PHILADELPHIA (Oct. 26, 9:15 a.m. EDT) — For Ticona Chief Executive Officer Edward MuÃ±oz, dinner at a 300-year-old European castle made clear that an e-revolution had started at his company.
The Summit, N.J.-based company and its parent, Celanese AG of Kronberg, Germany, had undergone a restructuring last year, jettisoning some units. MuÃ±oz was talking to Celanese officials about the future — while dining at a Gothic castle.
What came out of the meeting was a realization that old-world ideas were being replaced by the new economy, he said.
"An important change was about to be launched," MuÃ±oz said Oct. 9 during a speech at the E-Business for Chemicals and Plastics 2000 conference in Philadelphia. "We were starting at Celanese from ground zero (for e-business)."
What resulted was a new company directive: More than half of sales would be passed through an Internet portal by the end of 2002. For Celanese, a company that recorded 4.3 billion euros ($4.58 billion) last year, that was no small task.
Celanese plans to spend $30 million this year in e-business initiatives, MuÃ±oz said. About half of that will be spent by Ticona.
MuÃ±oz spoke of what was in store for his company and the industry in general during an interview after his speech. In June, the company started Buy Ticona Direct (www.ticona.com) for online purchasing.
Ticona, a producer of engineering plastics, wants to become an e-business leader among its peers. MuÃ±oz shared some far-reaching ideas to do that, including connecting his resin-supply site to plant molding machines.
What follows are excerpts from that interview:
Q. How have customers reacted to the use of the Internet for purchasing?
A. In the final analysis, we are not quite sure how the customer will react. We had a meeting in February with key customers. We polled them on what they see as important initiatives in the economy and what they would like to see us do.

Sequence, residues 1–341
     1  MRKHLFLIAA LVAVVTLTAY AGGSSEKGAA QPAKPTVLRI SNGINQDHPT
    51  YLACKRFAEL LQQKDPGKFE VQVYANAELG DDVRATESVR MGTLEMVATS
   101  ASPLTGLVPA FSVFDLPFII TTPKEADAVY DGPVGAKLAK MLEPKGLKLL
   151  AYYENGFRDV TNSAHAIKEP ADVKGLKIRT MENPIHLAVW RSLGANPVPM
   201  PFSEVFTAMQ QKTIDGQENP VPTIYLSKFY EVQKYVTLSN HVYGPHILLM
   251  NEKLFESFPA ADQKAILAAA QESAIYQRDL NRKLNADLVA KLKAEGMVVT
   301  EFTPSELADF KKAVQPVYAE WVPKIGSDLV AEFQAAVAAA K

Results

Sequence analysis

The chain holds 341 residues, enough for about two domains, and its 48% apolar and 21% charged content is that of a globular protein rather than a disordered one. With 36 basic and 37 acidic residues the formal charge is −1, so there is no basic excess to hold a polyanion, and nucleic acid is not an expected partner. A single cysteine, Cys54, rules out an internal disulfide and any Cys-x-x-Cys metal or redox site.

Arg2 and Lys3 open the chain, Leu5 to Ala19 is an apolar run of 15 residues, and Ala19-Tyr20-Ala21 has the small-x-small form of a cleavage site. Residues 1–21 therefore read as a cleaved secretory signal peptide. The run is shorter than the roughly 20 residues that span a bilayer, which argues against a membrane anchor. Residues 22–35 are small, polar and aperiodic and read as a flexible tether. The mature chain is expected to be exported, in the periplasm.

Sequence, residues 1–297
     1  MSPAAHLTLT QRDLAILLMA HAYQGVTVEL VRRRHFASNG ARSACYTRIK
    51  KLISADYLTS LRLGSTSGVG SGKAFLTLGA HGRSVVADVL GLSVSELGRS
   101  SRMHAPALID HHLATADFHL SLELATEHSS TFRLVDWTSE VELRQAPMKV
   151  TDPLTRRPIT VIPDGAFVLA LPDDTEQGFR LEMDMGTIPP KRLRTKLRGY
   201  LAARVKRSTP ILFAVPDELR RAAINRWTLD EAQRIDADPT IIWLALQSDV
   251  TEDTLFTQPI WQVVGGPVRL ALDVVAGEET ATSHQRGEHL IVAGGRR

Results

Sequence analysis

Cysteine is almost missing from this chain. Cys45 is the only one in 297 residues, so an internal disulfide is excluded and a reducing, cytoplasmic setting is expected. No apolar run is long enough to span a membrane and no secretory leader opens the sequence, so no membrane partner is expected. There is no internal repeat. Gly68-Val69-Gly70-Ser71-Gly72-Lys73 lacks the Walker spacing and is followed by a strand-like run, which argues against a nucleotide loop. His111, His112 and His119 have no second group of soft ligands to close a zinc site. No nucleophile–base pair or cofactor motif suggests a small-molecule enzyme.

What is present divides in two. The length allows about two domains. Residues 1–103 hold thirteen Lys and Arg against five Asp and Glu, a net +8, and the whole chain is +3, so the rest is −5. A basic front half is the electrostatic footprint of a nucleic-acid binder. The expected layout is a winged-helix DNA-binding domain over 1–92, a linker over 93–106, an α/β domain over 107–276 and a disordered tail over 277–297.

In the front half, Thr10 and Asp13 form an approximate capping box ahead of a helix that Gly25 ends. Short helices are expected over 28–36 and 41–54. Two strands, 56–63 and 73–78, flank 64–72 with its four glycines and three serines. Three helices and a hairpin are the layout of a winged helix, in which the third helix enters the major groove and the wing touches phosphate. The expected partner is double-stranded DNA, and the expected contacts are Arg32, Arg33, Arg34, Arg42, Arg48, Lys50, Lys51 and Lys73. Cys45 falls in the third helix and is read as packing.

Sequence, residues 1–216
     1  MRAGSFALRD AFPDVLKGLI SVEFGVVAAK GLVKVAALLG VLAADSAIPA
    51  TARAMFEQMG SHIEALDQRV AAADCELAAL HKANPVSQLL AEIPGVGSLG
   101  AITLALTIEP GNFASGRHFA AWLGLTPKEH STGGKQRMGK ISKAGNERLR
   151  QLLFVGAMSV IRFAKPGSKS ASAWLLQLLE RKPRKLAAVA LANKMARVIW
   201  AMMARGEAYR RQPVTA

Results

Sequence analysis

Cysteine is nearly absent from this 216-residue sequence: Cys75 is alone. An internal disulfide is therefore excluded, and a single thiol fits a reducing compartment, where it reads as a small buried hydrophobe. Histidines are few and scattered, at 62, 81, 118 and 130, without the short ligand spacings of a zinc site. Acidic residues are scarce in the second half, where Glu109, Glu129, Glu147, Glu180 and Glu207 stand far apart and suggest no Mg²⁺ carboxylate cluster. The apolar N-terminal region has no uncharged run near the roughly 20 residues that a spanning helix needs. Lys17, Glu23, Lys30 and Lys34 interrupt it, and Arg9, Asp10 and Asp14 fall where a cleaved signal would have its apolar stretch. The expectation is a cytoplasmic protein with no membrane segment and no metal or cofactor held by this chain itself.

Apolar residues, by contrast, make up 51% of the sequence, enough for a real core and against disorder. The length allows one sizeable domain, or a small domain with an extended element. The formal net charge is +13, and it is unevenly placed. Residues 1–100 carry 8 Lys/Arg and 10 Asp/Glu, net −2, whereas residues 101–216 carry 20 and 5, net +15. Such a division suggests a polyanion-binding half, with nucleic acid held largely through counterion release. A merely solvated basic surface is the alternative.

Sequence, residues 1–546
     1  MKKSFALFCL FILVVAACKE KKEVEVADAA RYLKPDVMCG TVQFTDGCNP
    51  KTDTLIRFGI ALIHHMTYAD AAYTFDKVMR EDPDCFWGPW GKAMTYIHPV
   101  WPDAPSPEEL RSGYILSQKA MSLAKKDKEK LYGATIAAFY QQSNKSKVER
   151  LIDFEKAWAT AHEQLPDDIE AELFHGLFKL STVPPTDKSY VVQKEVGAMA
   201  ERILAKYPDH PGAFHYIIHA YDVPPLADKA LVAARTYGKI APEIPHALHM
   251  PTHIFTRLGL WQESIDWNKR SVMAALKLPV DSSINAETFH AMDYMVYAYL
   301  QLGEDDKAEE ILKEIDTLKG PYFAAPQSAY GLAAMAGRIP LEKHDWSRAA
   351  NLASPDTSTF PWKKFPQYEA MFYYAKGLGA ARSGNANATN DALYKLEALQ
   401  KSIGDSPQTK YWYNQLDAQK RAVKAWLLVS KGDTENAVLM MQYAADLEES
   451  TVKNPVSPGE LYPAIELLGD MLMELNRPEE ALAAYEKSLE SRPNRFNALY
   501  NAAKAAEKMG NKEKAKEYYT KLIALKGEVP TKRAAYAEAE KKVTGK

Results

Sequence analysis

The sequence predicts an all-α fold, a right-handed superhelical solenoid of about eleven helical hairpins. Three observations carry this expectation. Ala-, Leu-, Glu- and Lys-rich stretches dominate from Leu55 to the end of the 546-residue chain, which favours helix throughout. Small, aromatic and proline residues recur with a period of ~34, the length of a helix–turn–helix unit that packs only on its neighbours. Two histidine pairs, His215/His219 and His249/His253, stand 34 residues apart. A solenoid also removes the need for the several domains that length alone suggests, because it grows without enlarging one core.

One of the things we heard was not to let strong relationships be substituted by electronic relationships. We don't want them to start calling up our site and getting a menu of price information, for instance. Part of the relationship is built on trust and loyalty.
Q.What areas do you see electronic commerce moving toward in the future, if you had a crystal ball?
A. I think those fall into the virtual integration chain. If you think about it, we provide the material to an injection molder that molds components, an assembly company that assembles the product and an end user who started the whole thing in design.
Those with deepest pockets are the end user and us. I think we can integrate this in a virtual way. The product cycle can really be shortened if we in some way take a more active leadership role in that.
In the old days, we talked about buying injection molders and assemblers. But we didn't want to compete against our own customers.
(E-business) gives us new ways of doing that. We can even form alliances with strategic assemblers and molders and bid as a virtual alliance on the next cellular phone or hand-held communicator, for example.
On new DaimlerChrysler car models, the phone is tied into the dashboard. In the future, a car with an onboard telephone might be able to hook up shop maintenance to a total diagnostics system and download adjustments to the car.
By using the same concept, we might be able to do the same thing with strategic molders and their machines. We haven't had a lot of conversation about that yet.
Q. How far along is e-business in the resin industry and Ticona in particular?
A. I think we're in about the second inning. We're probably not any worse than anyone and probably a little bit more leading.
Connectivity really starts with relationships. We're talking to some strategic customers about getting into help financing tooling.
That is the first step. Once we enter into tooling, we'll have physical, hard assets at customers to hook up. We're not a bank, but where we have small customers growing at 20-25 percent, they can't always afford the tooling required to sustain growth. We certainly can.
That's the kind of thing I think about doing with strategic customers. And it's the kind of thing where e-business is a catalyst.
We're going to be in position to take advantage of whatever customers and markets decide to do in Internet use and connectivity.